House passes two space bills
Updated 9 p.m. Eastern with Commercial Spaceflight Federation letter.
WASHINGTON — The House of Representatives passed legislation Dec. 16 to protect Apollo-era artifacts on the moon and to rename another NASA facility after the first man to walk on the moon.
The House passed on a voice vote S. 1964, the “One Small Step to Protect Human Heritage in Space Act.” The bill was introduced last year in the Senate by Sens. Gary Peters (D-Mich.) and Ted Cruz (R-Texas), where it passed it by unanimous consent around the time of the 50th anniversary of the Apollo 11 mission in July 2019.
The bill is intended to protect hardware and other artifacts left behind by the Apollo lunar landings and other U.S. government lunar landings by putting legal force behind a set of voluntary guidelines NASA published in 2011 regarding best practices for preserving those sites. NASA released those guidelines during the Google Lunar X Prize competition, when several teams were contemplating lunar landing missions that would potentially approach Apollo sites.
Those Apollo sites “tell the story of humankind’s extraordinary journey to the moon. They have historical, archaeological and inspirational value, and it’s up to us to work to protect them,” said Rep. Kendra Horn (D-Okla.), chair of the House space subcommittee, in remarks on the House floor about the bill.
The original Senate version of the bill would have directed any federal agency that licenses a lunar activity to require the licensee to agree to abide by NASA’s guidelines. However, the bill taken up by the House modifies that language, instead requiring NASA to require compliance with those guidelines in its contracts, grants and other agreements with companies and other organizations, such as participants in the Commercial Lunar Payload Services program.
“The bill does not create any additional regulatory authority,” said Rep. Brian Babin (R-Texas), ranking member of the space subcommittee, in his remarks on the bill. “Instead, the bill offers a carrot, rather than a stick. If the private sector wants to leverage the vast experience and resources that NASA offers, they simply must abide by NASA’s own internal policies.”
The revision has the support of one industry group, the Commercial Spaceflight Federation (CSF). In a letter to the leadership of the House Science Committee Dec. 16, Audrey Powers, chair of the CSF board, said the organization endorsed the revised version that the House passed. “We welcome this step and pledge to work with NASA to protect humanity’s first steps on another world, even as we enable many more astronauts, scientists, and entrepreneurs to set foot on Earth’s Moon,” she wrote.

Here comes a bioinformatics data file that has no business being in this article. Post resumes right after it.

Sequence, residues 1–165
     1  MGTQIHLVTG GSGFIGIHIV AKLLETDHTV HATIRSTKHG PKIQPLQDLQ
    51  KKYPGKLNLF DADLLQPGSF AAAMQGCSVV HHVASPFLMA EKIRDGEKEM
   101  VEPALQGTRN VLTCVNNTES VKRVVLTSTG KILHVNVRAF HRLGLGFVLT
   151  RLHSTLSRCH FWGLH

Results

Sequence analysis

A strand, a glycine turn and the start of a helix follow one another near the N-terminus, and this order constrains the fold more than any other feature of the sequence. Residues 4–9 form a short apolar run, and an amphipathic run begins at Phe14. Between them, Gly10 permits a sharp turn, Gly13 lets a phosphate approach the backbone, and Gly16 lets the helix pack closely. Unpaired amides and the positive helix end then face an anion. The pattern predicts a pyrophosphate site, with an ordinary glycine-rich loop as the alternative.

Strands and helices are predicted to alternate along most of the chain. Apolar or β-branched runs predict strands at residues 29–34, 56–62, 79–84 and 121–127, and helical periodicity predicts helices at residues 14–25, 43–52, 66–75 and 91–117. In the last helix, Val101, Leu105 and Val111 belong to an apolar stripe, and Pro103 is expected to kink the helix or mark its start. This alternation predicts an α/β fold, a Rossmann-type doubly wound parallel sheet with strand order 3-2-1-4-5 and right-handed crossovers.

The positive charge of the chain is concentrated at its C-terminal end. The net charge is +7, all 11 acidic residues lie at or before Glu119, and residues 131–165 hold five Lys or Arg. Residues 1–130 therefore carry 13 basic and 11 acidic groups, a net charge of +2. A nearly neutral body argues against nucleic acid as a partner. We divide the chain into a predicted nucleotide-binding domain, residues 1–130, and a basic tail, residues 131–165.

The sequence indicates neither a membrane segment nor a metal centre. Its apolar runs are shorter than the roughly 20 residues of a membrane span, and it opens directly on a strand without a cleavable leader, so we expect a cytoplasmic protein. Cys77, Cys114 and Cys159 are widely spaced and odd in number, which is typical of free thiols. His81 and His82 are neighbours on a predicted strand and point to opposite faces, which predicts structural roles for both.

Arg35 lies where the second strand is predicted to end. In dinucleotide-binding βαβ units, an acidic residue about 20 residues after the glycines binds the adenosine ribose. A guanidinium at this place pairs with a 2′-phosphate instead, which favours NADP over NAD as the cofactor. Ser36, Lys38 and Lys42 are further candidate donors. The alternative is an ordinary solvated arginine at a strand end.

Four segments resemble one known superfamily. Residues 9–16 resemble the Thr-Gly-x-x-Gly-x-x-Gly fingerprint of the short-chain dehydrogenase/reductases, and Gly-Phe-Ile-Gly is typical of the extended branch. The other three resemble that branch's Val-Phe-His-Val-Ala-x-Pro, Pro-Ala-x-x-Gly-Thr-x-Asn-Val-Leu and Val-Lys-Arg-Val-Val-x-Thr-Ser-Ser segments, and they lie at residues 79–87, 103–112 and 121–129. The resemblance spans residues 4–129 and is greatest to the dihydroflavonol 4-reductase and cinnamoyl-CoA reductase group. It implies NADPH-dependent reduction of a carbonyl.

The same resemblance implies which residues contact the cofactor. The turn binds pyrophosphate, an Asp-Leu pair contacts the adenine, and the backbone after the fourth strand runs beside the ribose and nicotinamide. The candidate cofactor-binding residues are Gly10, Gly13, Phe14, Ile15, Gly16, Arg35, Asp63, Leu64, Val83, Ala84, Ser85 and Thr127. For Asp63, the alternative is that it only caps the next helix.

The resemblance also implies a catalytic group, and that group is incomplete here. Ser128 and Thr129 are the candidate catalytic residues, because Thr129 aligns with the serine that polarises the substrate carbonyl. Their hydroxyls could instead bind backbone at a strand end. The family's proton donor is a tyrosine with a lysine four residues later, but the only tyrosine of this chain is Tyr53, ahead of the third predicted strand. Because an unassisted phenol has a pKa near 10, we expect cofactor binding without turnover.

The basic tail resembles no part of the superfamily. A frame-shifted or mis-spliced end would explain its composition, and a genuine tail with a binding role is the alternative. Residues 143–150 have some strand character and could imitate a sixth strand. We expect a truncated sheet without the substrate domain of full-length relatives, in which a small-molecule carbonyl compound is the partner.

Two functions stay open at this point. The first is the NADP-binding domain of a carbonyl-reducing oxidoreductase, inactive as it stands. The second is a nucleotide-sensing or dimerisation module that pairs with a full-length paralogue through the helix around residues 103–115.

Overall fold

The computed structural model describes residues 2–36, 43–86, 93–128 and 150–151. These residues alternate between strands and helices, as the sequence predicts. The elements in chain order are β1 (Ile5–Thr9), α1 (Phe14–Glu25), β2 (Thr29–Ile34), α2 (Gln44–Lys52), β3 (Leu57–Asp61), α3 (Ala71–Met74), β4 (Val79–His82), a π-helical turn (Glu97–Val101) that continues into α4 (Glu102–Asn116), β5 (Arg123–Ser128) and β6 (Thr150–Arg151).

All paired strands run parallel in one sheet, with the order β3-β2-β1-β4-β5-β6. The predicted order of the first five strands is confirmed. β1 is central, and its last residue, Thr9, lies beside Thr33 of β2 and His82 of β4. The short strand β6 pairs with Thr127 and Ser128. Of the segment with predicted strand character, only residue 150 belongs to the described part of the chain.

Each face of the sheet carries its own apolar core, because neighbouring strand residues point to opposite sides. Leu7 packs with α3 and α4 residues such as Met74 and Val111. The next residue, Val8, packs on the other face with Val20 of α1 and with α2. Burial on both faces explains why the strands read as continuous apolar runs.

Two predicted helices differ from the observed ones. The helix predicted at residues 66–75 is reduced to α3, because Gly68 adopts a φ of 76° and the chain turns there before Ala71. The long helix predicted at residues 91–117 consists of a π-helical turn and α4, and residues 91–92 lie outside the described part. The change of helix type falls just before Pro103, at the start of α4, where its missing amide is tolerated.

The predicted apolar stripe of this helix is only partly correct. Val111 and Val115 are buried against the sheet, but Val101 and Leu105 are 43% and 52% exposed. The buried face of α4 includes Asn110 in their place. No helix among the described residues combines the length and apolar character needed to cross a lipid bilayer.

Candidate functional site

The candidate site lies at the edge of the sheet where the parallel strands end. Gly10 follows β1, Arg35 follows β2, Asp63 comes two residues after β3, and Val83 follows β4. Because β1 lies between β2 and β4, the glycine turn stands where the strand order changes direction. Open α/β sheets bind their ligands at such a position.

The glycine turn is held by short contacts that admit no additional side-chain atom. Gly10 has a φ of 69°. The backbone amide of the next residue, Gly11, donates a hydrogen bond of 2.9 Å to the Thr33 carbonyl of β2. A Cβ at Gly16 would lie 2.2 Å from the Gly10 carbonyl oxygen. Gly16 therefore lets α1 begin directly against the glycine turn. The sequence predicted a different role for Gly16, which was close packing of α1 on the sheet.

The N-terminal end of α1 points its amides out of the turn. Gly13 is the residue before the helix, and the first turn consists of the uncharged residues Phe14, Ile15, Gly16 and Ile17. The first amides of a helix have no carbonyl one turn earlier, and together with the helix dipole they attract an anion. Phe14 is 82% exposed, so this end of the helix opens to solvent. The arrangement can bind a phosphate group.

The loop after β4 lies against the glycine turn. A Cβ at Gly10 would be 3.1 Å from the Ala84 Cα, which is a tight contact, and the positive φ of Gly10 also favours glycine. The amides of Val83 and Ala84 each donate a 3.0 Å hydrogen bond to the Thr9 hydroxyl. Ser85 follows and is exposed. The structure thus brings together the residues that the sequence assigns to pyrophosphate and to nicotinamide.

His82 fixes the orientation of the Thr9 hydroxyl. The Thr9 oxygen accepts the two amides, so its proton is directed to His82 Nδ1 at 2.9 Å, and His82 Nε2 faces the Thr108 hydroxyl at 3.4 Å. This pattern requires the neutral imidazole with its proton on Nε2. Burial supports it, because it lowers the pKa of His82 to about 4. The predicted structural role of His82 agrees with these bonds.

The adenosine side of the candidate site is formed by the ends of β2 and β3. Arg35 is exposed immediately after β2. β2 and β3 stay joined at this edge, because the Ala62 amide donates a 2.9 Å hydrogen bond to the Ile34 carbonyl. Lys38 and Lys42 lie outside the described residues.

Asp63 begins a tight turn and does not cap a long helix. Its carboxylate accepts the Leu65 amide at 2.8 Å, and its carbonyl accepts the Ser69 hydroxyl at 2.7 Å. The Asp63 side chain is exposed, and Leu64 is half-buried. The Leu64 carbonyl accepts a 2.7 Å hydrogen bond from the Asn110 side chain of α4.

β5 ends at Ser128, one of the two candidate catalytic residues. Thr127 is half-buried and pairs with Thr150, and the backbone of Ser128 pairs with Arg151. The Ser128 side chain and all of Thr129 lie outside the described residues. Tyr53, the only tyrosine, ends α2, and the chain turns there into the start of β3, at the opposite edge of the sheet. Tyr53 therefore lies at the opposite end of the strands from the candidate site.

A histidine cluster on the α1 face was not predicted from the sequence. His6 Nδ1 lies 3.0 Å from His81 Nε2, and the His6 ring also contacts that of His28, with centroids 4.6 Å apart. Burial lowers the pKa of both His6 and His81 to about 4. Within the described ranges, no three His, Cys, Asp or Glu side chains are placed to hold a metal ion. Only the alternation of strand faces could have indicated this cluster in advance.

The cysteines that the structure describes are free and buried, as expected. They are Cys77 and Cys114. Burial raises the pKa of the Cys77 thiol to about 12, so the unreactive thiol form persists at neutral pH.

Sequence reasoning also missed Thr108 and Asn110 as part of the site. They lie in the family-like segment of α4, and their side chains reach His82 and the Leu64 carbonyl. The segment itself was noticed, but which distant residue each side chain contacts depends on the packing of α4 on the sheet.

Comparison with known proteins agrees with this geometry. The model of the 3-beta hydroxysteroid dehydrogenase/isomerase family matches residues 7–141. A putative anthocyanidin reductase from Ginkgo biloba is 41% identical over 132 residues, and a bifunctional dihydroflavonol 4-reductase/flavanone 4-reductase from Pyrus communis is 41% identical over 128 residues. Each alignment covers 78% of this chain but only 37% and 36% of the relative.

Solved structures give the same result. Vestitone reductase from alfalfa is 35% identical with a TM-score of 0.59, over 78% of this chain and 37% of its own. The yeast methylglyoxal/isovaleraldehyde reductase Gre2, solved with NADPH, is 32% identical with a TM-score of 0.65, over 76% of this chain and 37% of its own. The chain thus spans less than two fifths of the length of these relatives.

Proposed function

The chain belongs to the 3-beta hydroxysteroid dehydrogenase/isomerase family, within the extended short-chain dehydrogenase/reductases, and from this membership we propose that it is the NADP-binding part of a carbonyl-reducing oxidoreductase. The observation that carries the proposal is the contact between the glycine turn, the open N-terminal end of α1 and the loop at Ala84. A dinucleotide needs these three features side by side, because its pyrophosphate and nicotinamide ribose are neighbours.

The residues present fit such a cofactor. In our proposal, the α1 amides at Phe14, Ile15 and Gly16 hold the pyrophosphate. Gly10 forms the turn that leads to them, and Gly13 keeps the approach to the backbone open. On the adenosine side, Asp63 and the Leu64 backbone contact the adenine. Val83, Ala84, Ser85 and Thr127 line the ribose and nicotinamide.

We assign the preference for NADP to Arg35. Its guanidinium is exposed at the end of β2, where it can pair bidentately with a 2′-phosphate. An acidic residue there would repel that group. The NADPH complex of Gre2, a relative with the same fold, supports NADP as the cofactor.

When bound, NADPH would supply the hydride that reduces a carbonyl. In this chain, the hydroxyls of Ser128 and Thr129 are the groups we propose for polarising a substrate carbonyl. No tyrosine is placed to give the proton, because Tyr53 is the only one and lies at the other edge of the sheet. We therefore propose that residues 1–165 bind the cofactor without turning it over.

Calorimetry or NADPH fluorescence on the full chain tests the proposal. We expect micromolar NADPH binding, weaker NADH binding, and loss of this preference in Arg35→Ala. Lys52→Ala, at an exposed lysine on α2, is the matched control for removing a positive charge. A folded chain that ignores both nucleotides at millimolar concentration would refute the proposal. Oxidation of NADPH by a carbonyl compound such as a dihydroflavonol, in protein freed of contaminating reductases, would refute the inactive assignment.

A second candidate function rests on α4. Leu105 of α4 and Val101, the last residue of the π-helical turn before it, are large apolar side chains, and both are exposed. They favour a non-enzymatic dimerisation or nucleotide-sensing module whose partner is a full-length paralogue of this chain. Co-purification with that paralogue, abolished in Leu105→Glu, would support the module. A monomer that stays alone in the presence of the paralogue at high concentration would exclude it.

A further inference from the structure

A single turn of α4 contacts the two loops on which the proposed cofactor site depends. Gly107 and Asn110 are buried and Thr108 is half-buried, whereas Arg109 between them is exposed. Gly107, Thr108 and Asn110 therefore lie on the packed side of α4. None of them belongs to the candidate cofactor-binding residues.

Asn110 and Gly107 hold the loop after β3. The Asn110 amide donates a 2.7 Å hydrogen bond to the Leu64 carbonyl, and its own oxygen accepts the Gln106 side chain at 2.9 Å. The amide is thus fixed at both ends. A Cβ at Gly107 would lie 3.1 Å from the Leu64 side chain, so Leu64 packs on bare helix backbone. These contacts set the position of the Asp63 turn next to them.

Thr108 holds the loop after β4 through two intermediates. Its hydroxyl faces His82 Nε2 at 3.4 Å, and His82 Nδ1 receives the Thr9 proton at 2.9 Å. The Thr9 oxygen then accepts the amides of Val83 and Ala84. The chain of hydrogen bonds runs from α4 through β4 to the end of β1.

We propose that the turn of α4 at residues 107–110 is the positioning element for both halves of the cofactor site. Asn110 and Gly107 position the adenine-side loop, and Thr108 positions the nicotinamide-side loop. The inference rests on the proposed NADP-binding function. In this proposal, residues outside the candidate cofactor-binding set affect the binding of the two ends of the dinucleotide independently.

The changes mean that the Senate will have to pass the bill again. Horn said that the Senate was prepared to do so once the House passed it.
The House also passed on a voice vote S. 2472, the “Neil A. Armstrong Test Facility Act.” The bill renames NASA’s Plum Brook Station in Ohio the Neil A. Armstrong Test Facility. It was introduced in the Senate in September 2019 by Sens. Rob Portman (R-Ohio) and Sherrod Brown (D-Ohio), and passed the Senate by unanimous consent in June.
Plum Brook Station, operated by NASA’s Glenn Research Center, is best known for thermal vacuum chambers and other facilities used to test spacecraft and launch vehicles, such as the Orion spacecraft. Members argued it made sense to name the center after Armstrong, an Ohio native.
“It is truly appropriate that a world-class aerospace test facility in the state of Ohio be named for a native son and one of the world’s most accomplished and dedicated pilots,” Horn said.
Plum Brook Station will not be the first NASA facility to be named after Armstrong. In 2014, President Barack Obama signed into law a bill passed unanimously by Congress to rename NASA’s Dryden Flight Research Center in California the Armstrong Flight Research Center.
The swift passage of the two bills in the House marked something of a farewell for Horn, who lost reelection in November after serving one term. “Her tenure as chairwoman of the space and aeronautics subcommittee was marked by significant change and accomplishments by our nation’s space program,” Babin said, thanking Horn for her “steady and fair treatment for all members’ interests.”
“It’s truly been an honor to be able to work with you on these issues,” Horn responded. “Space is one of those areas where it is, and should be, bipartisan, where we can come together for the best interests of our nation to continue to advance discovery and to encourage innovation.”